What is a large group interactive online session?
Suggested class size: 40 – 100
Suggested length: up to 60 minutes
The objective is to have an engaging session of meaningful presentation interspersed with discussion, questioning and interactions. In the current framework of teaching, lectures should be ‘chunked’ into smaller screencasts and other learning resources that students can complete at their own pace. Where appropriate you may find that adopting a Flipped Approach to learning is effective. Bring students together to drill more deeply into a topic and apply lessons as a group.
Good teaching practice remains the same as on-campus teaching: make use of questioning, manage class discussions and tasks, and aim to foster an active learning experience rather than a passive one.
What activities can I use with large groups?
- Polling – set a question (multiple choice or Yes/No) to your students and gather their responses. Make this more efficient by using your slides to hold the question and answer information. See: Polling in Blackboard Collaborate | Polling in Microsoft Teams
- Third-party apps – you can share a link to a poll or quiz using apps like Mentimeter. Post the link in the chat and display the code for attendees to join on your slide. When they’ve responded, you can share the results to discuss by sharing your screen with the class. Sharing Screen (Teams Meetings) | Sharing Screen (Blackboard Collaborate).
- Competitive questions – inject a little fun into your session by getting your students to join a Kahoot, Quizizz or similar, which lets you gauge their understanding of a topic whilst keeping them engaged. Share your screen so that they can see the questions and respond using their mobile devices.
Scale back on direct-input collaborative exercises:
Using activities where the whiteboard is used by all of your students at once will become chaotic with large groups of students, so consider carefully what is appropriate for the size of your class. Similarly, the chat function of an interactive session may become difficult to follow and become very distracting if 100 attendees are engrossed in discussion whilst you are presenting. Think about how to use it effectively by dedicating time for discussion-based activity. Use clear signposting language to direct students' attention – for instance, you may decide to set a ground rule that the chat is only to be used for questions during the session.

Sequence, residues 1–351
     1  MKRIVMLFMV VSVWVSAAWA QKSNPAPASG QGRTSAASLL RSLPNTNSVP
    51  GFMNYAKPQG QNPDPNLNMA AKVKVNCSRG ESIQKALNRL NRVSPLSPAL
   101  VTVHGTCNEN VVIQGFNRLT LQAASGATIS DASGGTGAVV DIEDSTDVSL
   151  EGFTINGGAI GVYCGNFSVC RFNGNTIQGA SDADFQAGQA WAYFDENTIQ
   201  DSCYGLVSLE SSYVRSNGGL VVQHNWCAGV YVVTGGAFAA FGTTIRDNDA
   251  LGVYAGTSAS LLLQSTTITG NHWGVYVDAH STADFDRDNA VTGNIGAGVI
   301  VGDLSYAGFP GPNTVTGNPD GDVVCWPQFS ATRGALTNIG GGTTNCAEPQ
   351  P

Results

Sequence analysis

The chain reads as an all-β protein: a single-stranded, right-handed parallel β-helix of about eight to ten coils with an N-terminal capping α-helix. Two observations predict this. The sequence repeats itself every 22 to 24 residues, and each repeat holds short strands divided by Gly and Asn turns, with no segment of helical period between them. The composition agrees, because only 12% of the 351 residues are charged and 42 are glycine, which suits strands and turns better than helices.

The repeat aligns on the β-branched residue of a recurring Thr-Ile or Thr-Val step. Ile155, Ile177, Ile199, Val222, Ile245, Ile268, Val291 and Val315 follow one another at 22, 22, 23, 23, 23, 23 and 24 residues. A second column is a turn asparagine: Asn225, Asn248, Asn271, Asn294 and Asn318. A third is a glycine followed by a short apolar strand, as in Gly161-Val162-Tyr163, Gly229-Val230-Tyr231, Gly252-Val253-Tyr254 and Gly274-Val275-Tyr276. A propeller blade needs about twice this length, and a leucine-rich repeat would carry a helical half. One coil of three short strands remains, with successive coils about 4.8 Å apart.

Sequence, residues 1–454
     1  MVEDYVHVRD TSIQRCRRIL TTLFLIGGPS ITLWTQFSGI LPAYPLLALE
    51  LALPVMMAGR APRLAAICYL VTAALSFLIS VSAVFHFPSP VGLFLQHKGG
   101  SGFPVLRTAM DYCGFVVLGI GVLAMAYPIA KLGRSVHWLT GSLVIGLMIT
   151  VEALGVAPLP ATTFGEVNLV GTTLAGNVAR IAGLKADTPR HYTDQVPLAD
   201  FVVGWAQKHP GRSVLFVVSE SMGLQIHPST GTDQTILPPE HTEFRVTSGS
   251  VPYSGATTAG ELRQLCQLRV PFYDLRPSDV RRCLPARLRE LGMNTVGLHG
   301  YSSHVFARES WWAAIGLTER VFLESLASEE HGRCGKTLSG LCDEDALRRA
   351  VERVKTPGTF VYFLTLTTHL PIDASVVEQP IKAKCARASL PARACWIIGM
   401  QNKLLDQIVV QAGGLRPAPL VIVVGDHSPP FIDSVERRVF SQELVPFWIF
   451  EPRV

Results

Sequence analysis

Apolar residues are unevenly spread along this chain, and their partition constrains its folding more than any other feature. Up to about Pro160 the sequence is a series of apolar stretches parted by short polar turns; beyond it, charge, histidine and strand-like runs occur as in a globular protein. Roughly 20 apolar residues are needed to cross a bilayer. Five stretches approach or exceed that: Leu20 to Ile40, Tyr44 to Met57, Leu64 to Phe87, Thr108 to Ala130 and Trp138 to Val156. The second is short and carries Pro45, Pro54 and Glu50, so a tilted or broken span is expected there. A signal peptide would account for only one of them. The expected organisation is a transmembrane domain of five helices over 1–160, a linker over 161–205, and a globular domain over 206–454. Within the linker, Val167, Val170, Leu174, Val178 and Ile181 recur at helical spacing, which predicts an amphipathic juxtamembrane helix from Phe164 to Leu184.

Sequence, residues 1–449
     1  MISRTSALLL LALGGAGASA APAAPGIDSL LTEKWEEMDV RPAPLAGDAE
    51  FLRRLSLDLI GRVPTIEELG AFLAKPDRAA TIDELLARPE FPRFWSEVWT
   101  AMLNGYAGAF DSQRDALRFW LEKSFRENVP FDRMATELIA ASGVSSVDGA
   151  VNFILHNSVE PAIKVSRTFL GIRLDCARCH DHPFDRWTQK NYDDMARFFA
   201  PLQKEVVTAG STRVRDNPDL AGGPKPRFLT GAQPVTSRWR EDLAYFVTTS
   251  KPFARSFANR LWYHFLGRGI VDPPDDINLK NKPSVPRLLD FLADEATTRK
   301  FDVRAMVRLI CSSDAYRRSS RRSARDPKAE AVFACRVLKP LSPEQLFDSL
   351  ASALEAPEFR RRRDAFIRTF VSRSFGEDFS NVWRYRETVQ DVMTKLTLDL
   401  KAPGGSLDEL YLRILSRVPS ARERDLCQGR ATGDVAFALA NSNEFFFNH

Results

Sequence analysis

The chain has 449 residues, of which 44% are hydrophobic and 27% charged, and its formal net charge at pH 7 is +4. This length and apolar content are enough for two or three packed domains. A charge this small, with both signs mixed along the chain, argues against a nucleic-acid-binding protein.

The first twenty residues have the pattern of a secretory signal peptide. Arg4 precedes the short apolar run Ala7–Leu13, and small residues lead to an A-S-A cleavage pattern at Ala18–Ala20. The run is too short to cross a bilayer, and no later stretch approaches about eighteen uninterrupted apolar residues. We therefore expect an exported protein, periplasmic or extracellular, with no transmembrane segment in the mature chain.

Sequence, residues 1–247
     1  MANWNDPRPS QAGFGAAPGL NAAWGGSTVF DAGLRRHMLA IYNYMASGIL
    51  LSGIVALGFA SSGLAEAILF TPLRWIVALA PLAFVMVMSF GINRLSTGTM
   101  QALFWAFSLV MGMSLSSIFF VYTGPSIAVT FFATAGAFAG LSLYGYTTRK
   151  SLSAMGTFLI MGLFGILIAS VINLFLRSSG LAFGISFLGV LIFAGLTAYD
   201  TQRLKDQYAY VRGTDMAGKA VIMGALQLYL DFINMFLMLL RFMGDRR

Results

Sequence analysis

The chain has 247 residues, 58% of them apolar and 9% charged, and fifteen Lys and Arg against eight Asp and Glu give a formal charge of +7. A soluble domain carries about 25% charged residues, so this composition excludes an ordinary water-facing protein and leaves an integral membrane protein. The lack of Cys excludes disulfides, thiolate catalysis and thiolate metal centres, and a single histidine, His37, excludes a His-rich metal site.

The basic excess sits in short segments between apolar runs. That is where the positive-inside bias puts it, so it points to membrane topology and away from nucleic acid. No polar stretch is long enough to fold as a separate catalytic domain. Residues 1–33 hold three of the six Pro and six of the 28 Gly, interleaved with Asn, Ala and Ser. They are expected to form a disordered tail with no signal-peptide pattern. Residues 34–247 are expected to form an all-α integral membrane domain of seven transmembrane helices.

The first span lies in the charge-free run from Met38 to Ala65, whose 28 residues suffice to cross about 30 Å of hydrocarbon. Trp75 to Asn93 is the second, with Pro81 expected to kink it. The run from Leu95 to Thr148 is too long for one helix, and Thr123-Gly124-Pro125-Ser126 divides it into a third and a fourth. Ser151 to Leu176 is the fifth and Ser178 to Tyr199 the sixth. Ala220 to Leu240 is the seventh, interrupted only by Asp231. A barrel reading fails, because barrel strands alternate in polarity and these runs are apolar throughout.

Locking down certain features:
- Video - As attendee numbers grow, so does strain on internet connectivity. Consider disabling attendees from using webcams or asking them only to turn them on if they are coming on microphone
- Audio - You may want to disable attendees from using audio (microphone) except at certain points of interaction. This minimises disruption from attendees interrupting or background noise from them not realising their microphone is active.
- Chat - You might consider disabling chat entirely except for certain points where you've planned for questions and discussion to help you and students focus on the presentation until you're ready to interact with them.
- Annotation - Larger groups brings greater anonymity in a class. You might wish to disable attendees being able to use annotation tools on your slides.
How can I manage the chat when there are a lot of attendees?
As the size of a session increases, the role that chat plays may differ slightly as you are engaging with a much larger number of responses and it can quickly become overwhelming without thoughtful control. However, with careful planning you can make good use of chat to enrich students learning through enquiry.
- Inform your students before the session about how you expect them to behave in a session, establish rules about what they should be using the chat for and when to use it to minimise distraction caused by lengthy side channel discussions that take place separately from the presentation
Plan your chat interaction: